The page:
Apple Invents a next-gen Scene Camera System for HMDs that includes a Two-Dimensional Array of Cameras
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Over the next few years, Apple next-big thing will involve a series of Mixed Reality Head Mounted Devices and Smartglasses. The camera system that Apple could be implementing over time is an advanced camera system that's anything but conventional.
On Thursday, the US Patent & Trademark Office published a patent application from Apple that relates to a new HMD camera system that includes a two-dimensional array of cameras that capture images of respective portions of a scene.
The cameras are positioned along a spherical surface so that the cameras have adjacent fields of view. The entrance pupils of the cameras are positioned at or near the user's eye while the cameras also form optimized images at the sensor. Methods for reducing the number of cameras in an array, as well as methods for reducing the number of pixels read from the array and processed by the pipeline, are also described.
While today's patent report could be appreciated by all Apple fans, the patent will be particularly appreciated by engineers, optical engineers and techies who follow all things related to VR headsets.
In the big picture, virtual reality (VR) allows users to experience and/or interact with an immersive artificial environment, such that the user feels as if they were physically in that environment. The simulated environments of virtual reality systems and/or the mixed environments of mixed reality systems may thus be utilized to provide an interactive user experience for multiple applications, such as applications that add virtual content to a real-time view of the viewer's environment, applications that generate 3D virtual worlds (Metaverse), interacting with virtual training environments, gaming, remotely controlling drones or other mechanical systems, viewing digital media content, interacting with the Internet, exploring virtual landscapes or environments, or the like.
Apple's patent covers scene cameras for video see-through head-mounted displays (HMDs) that may be used in mixed reality (MR) or virtual reality (VR) systems.
In conventional HMDs, one or more scene cameras may be mounted at the front of the HMD. However, the point of view (POV) of the scene cameras is substantially offset from and different than the POV of the user's eyes. Apple's invention corrects the point of view (POV) of the cameras to match the POV of the user by shifting the entrance pupils of the cameras towards the user's eyes.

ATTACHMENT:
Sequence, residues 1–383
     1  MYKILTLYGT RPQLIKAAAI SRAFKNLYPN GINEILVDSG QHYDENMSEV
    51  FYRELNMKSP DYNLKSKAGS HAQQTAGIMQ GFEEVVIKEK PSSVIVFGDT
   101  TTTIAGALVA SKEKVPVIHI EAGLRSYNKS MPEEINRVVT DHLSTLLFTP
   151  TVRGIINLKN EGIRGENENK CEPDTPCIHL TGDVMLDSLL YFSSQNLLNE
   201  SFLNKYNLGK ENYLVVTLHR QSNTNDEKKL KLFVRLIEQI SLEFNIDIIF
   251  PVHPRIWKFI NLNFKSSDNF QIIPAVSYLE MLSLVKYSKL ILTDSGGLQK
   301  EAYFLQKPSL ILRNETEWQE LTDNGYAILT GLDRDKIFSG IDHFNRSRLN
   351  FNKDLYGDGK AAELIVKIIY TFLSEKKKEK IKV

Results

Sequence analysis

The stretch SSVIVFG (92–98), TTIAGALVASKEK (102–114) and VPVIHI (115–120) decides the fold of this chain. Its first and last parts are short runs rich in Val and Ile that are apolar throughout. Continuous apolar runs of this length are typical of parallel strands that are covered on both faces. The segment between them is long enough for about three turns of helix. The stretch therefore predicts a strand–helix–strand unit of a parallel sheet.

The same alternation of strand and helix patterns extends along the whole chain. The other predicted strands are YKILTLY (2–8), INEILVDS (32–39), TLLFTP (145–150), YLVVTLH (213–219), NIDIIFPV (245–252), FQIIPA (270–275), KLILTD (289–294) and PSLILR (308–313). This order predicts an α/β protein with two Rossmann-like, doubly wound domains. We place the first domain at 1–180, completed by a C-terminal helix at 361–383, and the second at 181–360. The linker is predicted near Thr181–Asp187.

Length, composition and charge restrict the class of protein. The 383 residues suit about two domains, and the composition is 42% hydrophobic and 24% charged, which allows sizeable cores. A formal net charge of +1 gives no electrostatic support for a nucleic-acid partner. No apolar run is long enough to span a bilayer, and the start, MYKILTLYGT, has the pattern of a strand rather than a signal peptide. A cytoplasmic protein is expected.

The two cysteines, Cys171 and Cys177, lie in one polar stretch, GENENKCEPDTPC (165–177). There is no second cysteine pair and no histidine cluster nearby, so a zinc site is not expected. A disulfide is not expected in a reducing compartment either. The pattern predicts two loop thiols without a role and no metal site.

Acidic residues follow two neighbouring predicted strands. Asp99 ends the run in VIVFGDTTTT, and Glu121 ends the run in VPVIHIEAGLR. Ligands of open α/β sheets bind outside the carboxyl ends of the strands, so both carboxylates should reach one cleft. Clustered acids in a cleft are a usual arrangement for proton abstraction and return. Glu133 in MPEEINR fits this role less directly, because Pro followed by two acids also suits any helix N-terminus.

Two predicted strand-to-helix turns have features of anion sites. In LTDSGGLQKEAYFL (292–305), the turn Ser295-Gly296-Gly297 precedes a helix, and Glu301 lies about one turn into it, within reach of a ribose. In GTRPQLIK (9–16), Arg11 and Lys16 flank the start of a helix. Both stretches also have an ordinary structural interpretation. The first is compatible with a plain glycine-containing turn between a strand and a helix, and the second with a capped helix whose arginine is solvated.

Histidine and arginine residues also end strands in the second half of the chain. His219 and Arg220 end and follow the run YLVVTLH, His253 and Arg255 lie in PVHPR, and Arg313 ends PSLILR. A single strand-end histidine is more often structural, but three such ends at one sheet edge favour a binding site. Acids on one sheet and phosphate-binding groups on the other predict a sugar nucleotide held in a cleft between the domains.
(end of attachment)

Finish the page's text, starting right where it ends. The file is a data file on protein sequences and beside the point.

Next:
In some embodiments, an HMD includes two-dimensional arrays of small form factor cameras (e.g., one array for the left eye, and a second array for the right eye) that capture images of respective portions of a real-world scene in front of the user. The cameras are positioned along a spherical curve or surface so that the cameras have non-overlapping, adjacent fields of view (FOVs).
To achieve a more accurate representation of the perspective of the user, the cameras' optics are configured so that the entrance pupils of the cameras in the array are positioned behind the cameras' image planes formed at the image sensors, and at or near the user's eye while the cameras also form optimized images at the sensor. In this way, each array of cameras captures views of the scene from substantially the same perspective as the user's respective eye.
In some embodiments, one sensor may be used to capture images for multiple (e.g., four) cameras in the array. In these embodiments, the optics of the cameras used with a sensor may be shifted or adjusted to align the image planes with the sensor surface.
In some embodiments, a curved sensor and a simpler lens system may be used to provide a wider FOV for each camera and thus reduce the number of cameras in the array.
Apple's patent FIG. 1A below illustrates a head-mounted display (HMD) that includes an array of cameras with entrance pupils at or near the user's eye; FIG. 2 illustrates a portion of a camera array.
Apple's patent FIG. 3 below illustrates an example camera with entrance pupil at or near the user's eye that may be used in an array as illustrated in FIGS. 1A and 2.
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Apple's FIGS. 9A and 9B below illustrate reducing the number of cameras by reducing resolution and shifting the entrance pupil of the cameras in peripheral regions.
Apple's patent FIG. 16 above graphically illustrates adding a negative meniscus lens in front of a camera array to increase the field of view (FOV) of the cameras towards the periphery; FIG. 17 graphically illustrates adding a negative meniscus lens in front of a camera array to progressively offset the point of view (POV) of the cameras towards the periphery.
Apple's patent FIGS. 20A through 20C below graphically illustrate an example scene camera that includes a negative meniscus lens in front of the cameras in the camera array.
To dive deeper into the details of Apple's patent application number 20220035160, click here.
A Few of Apple's Inventors
Dan Hennigan: Optical Mechanical Engineering Manager
Saito Kenichi: Optical Engineer (previously worked at Cannon & Fuji Photo Film)
Brett Miller: Engineering Manager, Camera Incubation
Noah Bedard: Prototyping Engineer
Kathrin Berkner: Senior Engineering Manager - Camera Incubation